Seen: At the AMC/Loews at Boston Common.
Born out of wedlock in the 1760s to a black slave mother and a wealthy white ship captain, young Dido (Gugu Mbatha-Raw) did not have a simple life to look forward to. When her mother died, her father (Matthew Goode) claimed her as his own and left her with her great-uncle Lord Mansfield (Tom Wilkinson), a highly influential judge in Britain, and his wife (Emily Watson). She was raised alongside their other ward, Elizabeth (Sarah Gadon), another niece around the same age. By the time they are teenagers, the cousins are as close as sisters, but each finds herself in an uncertain position- one social, one economic.
Though treated by her family as an equal, Dido is not permitted to sit at the main table when guests are dining (though she does join afterwards for conversation) due to her racial and ancestral difference. She does, however, receive a substantial inheritance from her deceased father, leaving her financially independent. Elizabeth’s appearance allows her more social freedom than Dido, but she has been cast off by her father and his new wife, and must endeavor to find a wealthy husband in order to achieve any kind of upward mobility. While they navigate the choppy waters of eighteenth-century aristocracy, Dido also becomes involved in a major case Lord Mansfield is presiding over, concerning a trader who drowned his slaves for insurance money. Moving past her own initial judgments due to his lower class status, she finds herself growing more and more attracted to a young abolitionist fighting in the case, John Davinier (Sam Reid), and secretly helps him by gaining information from Lord Mansfield.
As with many historical figures and events, I first learned of Dido Elizabeth Belle through art. I’d seen the painting of her and Elizabeth Murray in my art history books, a rare example of a Western eighteenth-century painting that depicts a person of color with dignity and equality. It’s a cheerful composition, and always made me smile, but I never looked much further than it for Dido’s story. Screenwriter Misan Sagay was also moved by the painting, and inspired to tell not just of Dido’s experiences, but a larger tale encompassing the period’s complex intersections of race, class, politics, and gender, accompanied by beautiful dresses and elaborate set decorations. And I’m really glad her film was made. It isn’t completely accurate to the real Dido’s biography, but Sagay intentionally structured the story to fit into a kind of Jane Austen-esque romance, thus opening it up to a broader audience than a straight-up historical film might have invited. It’s a smart move, and the script manages to weave together these seemingly disparate plotlines into a fairly cohesive narrative, ably showing how these issues are always interconnected anyway.
On paper Belle sounds a little over-complicated, but it is anchored by a gripping performance from star Gugu Mbatha-Raw, who effortlessly communicates all the torment, rage, intelligence, pride, and playfulness wrapped up in the character. She is at times shy and romantic, at others bold and outspoken, ultimately a wonderfully multi-layered woman who fights to create a safe space for herself in uncertain surroundings. Mbatha-Raw is supported by a number of excellent British actors, including Tom Wilkinson as the conflicted Lord Mansfield (who in reality had presided over the landmark Somerset case years before), Miranda Richardson as the snooty Lady Ashford, Penelope Wilton as the candid spinster Lady Mary, and Sam Reid as the adorable optimist John Davinier (whom I’m guessing was somewhat inspired by abolitionist Granville Sharpe). I loved the pointed interactions of these different characters, many of whom maintain a blend of privilege as well as discrimination. Davinier is a white man, using his privilege to argue against the slave trade, but his lower economic status as the son of a rural vicar limits his social mobility and career prospects. Elizabeth is a white woman raised in wealth and status, but her lack of title and personal funds leaves her desperate for a husband who can support her (as she is not allowed to work or own property). Dido is of course held back in many ways by her race and unwed mother, but she enjoys wealth and status all the same due to her father’s support and family prominence.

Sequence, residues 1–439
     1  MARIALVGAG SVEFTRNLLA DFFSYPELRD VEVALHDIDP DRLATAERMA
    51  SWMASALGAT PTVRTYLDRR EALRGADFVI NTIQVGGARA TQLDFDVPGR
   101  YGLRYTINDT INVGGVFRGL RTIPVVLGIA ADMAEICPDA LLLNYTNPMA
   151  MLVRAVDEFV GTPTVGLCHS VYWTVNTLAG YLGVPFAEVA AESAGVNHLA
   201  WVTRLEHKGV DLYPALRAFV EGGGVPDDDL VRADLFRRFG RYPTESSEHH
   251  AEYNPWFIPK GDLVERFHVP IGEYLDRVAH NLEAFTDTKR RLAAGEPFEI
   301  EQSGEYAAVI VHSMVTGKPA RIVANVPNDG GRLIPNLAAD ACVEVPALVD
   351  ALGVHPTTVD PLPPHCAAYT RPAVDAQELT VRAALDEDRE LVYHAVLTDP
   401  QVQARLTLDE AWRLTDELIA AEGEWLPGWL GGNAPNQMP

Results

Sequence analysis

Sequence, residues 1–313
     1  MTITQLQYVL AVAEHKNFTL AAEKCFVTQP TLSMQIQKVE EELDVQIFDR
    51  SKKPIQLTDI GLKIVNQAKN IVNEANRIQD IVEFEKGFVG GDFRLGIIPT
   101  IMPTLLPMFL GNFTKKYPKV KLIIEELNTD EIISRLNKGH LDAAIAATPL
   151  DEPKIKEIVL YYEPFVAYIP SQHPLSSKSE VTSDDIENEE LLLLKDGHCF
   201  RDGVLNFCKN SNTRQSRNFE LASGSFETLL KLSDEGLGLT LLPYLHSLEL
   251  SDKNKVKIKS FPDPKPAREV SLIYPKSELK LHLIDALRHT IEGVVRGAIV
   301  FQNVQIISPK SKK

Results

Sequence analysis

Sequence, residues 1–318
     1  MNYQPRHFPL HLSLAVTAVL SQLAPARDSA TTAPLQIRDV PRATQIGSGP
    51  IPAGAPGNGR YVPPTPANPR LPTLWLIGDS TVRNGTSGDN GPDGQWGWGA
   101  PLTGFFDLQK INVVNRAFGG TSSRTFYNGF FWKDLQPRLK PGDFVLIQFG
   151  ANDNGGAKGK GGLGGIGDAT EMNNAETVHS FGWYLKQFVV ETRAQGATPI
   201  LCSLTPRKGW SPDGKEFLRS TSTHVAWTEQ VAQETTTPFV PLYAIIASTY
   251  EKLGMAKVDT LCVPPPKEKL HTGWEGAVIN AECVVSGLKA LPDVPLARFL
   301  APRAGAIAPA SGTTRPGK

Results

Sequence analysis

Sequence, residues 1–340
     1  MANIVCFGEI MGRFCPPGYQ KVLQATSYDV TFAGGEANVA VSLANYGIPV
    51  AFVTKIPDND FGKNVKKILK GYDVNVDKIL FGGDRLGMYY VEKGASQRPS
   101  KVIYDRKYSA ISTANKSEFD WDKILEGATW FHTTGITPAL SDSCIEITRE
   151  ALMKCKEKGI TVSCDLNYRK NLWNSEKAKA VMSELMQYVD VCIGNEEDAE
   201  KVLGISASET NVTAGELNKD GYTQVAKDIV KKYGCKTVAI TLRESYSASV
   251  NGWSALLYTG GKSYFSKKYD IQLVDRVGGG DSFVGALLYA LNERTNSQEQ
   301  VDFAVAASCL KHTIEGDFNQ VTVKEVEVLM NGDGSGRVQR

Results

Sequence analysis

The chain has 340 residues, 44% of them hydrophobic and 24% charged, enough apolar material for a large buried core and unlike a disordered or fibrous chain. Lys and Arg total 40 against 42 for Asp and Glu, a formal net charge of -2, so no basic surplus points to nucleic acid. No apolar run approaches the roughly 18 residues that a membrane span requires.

I loved Belle, all around. Aside from its narrative complexities, it is beautifully shot, retaining all the grand mansion settings, fussy interiors, intricate gowns, and overwrought hairstyles we’ve come to expect from a good British period piece but also expressing the singular experiences of its title character through the careful positioning of the camera. There are many small, intimate moments that speak volumes- notably an interaction between Dido and a black female servant, who helps her with her wildly curly hair, so different than the thick blonde locks of Elizabeth. I thought the friendship between Dido and Elizabeth was interesting- truly they felt themselves sisters, but at times their racial and economic differences caused rifts in their relationship. I kind of wanted more of it, actually, though I recognize it’s not the focus of the film. No one thing is really the focus, except Dido herself, which is why Belle works so well. It does not set out to be any one thing, or tell any one message, but instead shares the fascinating experiences- some real, some fictionalized- of a truly exceptional woman who finds herself in uncommon circumstances.
Pair This Movie With: I went home and watched Mansfield Park, encouraged by the Jane Austen-y feel and the heroine’s similar class predicament as being sort of in-between in her status. If you’d prefer another British period romance that acknowledges issues of race, there’s Andrea Arnold’s version of Wuthering Heights.by